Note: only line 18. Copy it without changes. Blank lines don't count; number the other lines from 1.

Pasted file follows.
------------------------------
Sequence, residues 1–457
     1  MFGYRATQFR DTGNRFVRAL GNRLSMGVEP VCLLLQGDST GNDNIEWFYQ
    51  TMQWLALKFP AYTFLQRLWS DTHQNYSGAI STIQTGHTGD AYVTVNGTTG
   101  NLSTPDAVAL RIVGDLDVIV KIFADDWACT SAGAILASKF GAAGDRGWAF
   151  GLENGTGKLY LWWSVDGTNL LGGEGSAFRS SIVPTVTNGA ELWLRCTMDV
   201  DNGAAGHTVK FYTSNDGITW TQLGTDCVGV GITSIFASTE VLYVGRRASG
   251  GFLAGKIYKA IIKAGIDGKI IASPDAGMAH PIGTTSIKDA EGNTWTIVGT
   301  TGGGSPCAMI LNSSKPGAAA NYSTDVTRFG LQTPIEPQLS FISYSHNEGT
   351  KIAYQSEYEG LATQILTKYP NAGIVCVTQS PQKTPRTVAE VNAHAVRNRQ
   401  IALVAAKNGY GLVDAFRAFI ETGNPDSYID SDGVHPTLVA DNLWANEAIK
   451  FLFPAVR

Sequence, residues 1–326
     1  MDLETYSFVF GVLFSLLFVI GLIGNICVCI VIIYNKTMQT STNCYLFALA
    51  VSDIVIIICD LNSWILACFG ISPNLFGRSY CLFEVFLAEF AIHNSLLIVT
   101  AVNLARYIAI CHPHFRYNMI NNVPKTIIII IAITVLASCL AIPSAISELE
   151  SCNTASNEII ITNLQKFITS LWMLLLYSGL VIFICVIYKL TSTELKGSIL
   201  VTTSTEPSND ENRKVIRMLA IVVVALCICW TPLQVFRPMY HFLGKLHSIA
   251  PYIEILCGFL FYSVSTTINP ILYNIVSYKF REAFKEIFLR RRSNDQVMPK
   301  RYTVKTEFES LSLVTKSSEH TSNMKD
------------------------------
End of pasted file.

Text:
   251  PYIEILCGFL FYSVSTTINP ILYNIVSYKF REAFKEIFLR RRSNDQVMPK